Over here at Flying Point Digital, we’re big believers in writing meta titles not just for the search engines, but for users too. One of the things we make sure to pay attention to is the length of the title so that it doesn’t get hit with that dreaded ellipsis (…). Anything after that ellipsis is getting cut off, and it’s not doing anyone any good. Ultimately it can hurt your conversion rate if the message you intended the user to see is being truncated.
You may already know that the point at which Google truncates your titles is not determined by the number of characters in your title, but by the number of pixels. For example, the letter “I“ takes up much less space than the letter “W”, so if you have more wide letters in your title, you have less space to work with.
We used to measure the width in pixels of each of our titles to make sure it would show properly in search results. But we’ve recently had to change that method up a bit.
Not long ago, Google quietly made a change to the layout of their search results. They removed the underline from the titles, and they changed the title font from size 16 to size 18. It might not seem like much of a difference, but the problem is, they didn’t increase the size of the search result box itself, so now you’ve got less space to fit your title. How much less? Well, it depends.
One thing to keep in mind is titles in search results will have words bolded if they’re a match for the search term. So if I search for Flying Point vs. Flying Point Digital Marketing, the same title will take up 2 different amounts of space. And it’s not a small amount either. Check out red line in this graphic below and you can see you lose at least a full letter just because of what’s bolded.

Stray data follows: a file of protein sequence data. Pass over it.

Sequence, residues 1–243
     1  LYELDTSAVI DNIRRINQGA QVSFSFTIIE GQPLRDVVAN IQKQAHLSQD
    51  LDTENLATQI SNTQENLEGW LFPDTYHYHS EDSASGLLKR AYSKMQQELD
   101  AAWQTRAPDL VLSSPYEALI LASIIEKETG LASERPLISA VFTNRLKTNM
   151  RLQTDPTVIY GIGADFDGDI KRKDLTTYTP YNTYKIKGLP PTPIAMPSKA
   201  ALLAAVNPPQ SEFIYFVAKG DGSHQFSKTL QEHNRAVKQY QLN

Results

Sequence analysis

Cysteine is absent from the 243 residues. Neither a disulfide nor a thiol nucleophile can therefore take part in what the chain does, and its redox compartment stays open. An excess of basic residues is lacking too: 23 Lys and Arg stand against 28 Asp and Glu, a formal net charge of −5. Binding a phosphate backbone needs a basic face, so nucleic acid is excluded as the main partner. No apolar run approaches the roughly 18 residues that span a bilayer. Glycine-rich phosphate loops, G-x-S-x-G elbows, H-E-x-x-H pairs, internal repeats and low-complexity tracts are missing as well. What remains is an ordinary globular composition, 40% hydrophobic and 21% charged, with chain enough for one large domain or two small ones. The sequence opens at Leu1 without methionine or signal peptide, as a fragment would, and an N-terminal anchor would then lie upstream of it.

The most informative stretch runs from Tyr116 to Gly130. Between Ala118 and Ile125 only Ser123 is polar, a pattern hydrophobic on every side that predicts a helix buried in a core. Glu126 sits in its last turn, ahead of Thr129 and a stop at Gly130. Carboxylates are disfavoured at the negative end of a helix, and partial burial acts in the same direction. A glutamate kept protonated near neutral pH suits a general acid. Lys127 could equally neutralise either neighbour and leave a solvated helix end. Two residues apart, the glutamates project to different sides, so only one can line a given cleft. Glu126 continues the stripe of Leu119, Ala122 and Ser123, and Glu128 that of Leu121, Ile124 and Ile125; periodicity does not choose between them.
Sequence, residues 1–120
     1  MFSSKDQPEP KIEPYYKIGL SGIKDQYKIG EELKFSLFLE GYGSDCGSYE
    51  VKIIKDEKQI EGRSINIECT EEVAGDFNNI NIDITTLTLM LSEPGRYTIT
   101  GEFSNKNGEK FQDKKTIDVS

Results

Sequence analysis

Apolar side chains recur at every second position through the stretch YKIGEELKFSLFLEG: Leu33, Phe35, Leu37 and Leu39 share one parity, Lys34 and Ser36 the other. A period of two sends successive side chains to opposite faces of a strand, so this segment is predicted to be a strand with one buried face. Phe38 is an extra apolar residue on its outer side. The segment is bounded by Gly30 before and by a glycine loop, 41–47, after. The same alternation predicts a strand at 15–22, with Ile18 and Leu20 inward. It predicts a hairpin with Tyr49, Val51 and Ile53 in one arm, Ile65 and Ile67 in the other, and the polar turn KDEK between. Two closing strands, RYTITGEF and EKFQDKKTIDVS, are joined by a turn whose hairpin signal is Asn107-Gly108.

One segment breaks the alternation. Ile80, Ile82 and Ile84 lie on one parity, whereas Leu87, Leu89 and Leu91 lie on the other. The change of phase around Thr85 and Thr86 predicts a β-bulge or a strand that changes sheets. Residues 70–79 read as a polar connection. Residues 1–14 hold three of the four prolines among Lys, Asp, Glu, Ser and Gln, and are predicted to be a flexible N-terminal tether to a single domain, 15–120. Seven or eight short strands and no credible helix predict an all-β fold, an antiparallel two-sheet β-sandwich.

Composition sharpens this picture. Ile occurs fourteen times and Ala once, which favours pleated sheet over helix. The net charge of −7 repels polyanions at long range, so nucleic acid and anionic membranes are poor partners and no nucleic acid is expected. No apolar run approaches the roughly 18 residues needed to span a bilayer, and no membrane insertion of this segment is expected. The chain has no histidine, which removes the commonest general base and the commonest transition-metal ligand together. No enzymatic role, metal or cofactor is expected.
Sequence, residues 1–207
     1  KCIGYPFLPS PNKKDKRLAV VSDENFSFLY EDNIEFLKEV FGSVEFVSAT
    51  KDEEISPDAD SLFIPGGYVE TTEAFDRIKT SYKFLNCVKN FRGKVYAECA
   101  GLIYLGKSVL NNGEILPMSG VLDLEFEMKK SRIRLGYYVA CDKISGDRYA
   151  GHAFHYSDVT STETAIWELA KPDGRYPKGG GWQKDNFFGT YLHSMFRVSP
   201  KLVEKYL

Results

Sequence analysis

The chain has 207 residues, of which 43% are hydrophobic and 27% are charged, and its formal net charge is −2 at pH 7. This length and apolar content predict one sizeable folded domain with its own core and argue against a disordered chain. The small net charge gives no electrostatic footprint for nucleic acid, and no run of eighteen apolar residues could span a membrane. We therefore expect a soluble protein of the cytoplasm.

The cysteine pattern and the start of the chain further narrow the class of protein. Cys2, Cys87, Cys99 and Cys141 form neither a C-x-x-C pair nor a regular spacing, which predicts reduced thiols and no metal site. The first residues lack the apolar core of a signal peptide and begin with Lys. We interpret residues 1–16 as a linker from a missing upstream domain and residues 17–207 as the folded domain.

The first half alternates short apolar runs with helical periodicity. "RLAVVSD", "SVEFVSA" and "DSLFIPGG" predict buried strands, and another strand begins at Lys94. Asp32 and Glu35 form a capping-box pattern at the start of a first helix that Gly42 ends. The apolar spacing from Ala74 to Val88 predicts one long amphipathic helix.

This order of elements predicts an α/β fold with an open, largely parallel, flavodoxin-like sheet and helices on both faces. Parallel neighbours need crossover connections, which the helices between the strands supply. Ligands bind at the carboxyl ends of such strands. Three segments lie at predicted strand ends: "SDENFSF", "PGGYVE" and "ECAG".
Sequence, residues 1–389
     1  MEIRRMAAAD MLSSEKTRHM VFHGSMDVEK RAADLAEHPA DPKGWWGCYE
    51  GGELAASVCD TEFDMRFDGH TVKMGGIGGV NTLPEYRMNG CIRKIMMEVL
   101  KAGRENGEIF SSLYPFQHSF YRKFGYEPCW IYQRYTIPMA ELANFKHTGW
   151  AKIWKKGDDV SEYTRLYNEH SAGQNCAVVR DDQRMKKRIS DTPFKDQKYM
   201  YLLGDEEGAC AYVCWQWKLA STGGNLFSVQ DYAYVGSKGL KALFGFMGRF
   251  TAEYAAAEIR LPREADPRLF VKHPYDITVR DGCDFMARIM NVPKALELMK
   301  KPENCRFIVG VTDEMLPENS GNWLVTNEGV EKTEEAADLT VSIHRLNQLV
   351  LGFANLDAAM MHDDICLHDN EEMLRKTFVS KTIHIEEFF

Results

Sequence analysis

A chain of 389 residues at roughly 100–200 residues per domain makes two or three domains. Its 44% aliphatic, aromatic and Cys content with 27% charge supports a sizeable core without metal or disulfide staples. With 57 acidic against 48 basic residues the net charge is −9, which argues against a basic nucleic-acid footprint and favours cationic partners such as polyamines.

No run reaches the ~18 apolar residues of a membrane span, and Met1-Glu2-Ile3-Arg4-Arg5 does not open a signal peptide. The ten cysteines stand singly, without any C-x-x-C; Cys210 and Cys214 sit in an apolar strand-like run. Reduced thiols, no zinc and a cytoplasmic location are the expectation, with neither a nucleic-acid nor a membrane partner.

So when I’m coming up with my titles, I like to consider the longest likely match of words that people will likely be searching for if they find our results. Someone is probably not going to be searching for “Flying Point Digital Retail Digital Marketing Agency” so I don’t bother worrying about all of those words being bolded. But someone might search “Retail Digital Marketing Agency” or “Flying Point Marketing Agency”, so those are the words I’m going to be considering being bolded.
So how do I know how much space I lose by having those words bolded? Well fortunately, Moz has created a great tool that helps us know exactly that. It’s called their Title Tag Preview Tool.
It can’t get much simpler than this. Just enter the title you want to try out, enter the longest search phrase you think they might use, and see what works. Yes it takes a little more work this way, but at least you know when your page comes up in search results, people are seeing the title you want them to see.